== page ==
And when grains and fruits ferment, they produce not just ethanol — which can kill bacteria — but also many other vital nutrients, including B vitamins like folic acid, niacin and riboflavin.  In fact, one of Noah Webster’s biographies describes his usual breakfast as “bread and beer,” which wasn’t the red flag back in the 1700s that it would be today.

And we’ll end with a final synonym for alcohol: “aqua vitae,” which is “water of life” in Latin.

This article originally appeared on and was syndicated by


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(1)  Orchard, Andy. A Critical Companion to Beowulf, pp. 231. Boydell & Brewer Ltd, 2003 (accessed July 9, 2019).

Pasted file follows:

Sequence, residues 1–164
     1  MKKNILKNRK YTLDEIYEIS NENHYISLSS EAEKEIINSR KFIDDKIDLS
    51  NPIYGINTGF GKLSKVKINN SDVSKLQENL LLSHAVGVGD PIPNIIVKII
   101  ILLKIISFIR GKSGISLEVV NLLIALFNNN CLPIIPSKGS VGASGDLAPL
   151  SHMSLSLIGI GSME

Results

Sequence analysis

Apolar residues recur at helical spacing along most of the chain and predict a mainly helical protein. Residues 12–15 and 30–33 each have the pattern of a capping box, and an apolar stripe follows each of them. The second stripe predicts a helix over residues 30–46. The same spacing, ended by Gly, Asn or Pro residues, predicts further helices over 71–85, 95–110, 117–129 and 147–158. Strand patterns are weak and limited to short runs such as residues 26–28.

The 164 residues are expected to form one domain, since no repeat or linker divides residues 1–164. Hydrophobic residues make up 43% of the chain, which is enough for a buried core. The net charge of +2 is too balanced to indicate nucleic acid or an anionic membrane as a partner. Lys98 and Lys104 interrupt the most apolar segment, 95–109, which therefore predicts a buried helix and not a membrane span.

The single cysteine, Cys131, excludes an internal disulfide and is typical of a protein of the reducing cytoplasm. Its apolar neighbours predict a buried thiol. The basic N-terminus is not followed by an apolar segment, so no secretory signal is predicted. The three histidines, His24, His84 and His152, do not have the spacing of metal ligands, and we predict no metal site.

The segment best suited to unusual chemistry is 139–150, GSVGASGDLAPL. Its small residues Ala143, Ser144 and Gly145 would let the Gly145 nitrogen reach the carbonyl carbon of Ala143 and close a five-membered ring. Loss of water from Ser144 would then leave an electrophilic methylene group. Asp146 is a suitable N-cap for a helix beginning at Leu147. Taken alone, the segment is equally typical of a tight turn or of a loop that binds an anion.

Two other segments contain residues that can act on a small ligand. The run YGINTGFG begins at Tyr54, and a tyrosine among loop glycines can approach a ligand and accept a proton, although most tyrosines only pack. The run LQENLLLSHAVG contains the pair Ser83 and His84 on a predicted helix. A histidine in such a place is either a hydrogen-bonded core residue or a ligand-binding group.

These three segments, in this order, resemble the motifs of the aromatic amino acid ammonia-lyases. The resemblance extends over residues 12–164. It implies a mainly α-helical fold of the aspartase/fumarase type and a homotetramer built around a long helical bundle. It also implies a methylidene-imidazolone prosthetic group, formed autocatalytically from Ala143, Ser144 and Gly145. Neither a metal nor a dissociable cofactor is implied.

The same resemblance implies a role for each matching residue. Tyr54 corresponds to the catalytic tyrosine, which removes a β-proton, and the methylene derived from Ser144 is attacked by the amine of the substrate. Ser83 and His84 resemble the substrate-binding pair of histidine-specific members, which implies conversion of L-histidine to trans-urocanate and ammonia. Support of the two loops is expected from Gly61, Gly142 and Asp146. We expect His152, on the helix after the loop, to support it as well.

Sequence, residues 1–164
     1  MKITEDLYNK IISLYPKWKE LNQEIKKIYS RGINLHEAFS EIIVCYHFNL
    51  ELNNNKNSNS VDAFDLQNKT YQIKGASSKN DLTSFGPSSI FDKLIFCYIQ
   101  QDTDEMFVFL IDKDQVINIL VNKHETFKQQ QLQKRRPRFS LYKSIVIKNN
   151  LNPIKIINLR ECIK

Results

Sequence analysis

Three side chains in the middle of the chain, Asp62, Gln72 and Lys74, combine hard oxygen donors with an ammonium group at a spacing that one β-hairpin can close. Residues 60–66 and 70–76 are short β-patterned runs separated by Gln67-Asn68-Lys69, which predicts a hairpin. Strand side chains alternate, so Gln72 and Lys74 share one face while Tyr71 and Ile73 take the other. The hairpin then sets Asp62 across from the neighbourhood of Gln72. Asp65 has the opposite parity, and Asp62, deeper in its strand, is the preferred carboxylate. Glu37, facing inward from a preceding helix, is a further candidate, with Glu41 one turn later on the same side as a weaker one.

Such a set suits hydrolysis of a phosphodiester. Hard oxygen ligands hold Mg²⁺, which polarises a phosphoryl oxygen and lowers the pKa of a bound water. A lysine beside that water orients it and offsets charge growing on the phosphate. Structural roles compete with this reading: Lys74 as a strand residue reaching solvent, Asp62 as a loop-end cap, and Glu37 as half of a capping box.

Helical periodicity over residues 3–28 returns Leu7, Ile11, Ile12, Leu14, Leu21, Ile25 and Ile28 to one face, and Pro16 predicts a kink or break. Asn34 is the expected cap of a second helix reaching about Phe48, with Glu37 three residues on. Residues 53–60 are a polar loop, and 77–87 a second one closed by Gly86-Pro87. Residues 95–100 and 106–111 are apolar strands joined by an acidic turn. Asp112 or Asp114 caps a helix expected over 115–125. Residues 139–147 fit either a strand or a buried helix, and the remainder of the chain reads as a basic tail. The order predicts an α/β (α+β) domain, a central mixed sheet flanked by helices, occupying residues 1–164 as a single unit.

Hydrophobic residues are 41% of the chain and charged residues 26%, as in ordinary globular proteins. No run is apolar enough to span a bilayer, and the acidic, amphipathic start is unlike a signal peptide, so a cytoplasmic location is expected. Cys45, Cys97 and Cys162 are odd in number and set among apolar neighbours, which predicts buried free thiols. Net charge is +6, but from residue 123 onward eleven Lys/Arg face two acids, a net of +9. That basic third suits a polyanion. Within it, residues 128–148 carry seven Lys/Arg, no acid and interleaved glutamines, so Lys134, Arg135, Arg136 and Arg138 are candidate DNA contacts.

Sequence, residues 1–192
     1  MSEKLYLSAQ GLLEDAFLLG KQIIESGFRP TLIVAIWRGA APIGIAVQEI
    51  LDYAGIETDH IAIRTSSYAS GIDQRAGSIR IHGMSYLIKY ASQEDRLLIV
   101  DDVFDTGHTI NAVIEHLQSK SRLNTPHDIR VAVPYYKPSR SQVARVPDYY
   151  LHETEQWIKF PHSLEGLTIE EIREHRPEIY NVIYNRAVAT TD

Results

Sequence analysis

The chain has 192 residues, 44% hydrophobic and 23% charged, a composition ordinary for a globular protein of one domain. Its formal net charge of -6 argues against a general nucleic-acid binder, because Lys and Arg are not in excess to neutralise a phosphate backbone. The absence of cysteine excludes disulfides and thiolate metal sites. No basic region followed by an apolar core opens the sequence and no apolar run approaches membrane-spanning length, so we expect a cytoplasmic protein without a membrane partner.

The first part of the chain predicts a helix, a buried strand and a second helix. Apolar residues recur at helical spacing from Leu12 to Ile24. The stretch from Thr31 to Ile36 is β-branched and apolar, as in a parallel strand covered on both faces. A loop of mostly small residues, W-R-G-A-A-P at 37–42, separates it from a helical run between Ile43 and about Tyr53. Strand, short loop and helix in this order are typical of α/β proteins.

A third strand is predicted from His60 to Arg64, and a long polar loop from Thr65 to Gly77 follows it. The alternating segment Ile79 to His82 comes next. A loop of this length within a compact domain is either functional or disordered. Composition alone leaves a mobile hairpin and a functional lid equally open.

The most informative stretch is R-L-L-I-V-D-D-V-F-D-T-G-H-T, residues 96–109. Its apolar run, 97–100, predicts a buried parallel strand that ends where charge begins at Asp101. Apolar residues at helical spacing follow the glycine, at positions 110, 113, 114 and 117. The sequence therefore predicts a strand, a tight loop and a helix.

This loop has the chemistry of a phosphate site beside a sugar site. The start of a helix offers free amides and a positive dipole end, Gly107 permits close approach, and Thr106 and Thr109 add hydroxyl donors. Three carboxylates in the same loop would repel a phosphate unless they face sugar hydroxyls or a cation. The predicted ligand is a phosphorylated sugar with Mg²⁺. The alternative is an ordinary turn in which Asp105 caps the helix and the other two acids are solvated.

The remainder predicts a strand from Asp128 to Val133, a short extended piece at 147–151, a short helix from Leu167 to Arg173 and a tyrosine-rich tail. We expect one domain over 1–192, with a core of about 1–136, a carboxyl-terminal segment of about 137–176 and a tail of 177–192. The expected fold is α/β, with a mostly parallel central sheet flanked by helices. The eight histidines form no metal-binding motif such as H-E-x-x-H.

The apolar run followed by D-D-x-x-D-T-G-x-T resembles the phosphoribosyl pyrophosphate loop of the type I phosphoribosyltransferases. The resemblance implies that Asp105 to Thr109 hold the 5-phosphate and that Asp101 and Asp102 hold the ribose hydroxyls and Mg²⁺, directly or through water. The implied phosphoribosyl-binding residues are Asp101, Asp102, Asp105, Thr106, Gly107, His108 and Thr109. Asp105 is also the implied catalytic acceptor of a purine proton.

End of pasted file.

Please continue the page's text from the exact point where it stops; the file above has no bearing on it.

(2)  Krebiehl, Anne. What are Tannins, Really?Wine Enthusiast, Sept. 11, 2018 (accessed July 9, 2019).

(3) Oxford English Dictionary, online edition. Oxford University Press. Alcohol, hard, soft, spirit (subscription required, accessed July 9, 2019).

(4) Encyclopedia Britannica, online edition. Distilled spirit, Distillation, Why is Alcohol Measured by Proof? (subscription required, accessed July 9, 2019).

(5) Foley, Michael. Drunk Catholic History: Spirits and the Holy Spirit. One Peter Five (accessed July 9, 2019).

(6) Curry, Andrew. Our 9,000-Year Love Affair With BoozeNational Geographic, February 2017 (accessed July 9, 2019).

(7) Alba-Lois, L. & Segal-Kischinevzky, C. (2010) Yeast Fermentation and the Making of Beer and WineNature Education 3(9):17 (accessed July 9, 2019).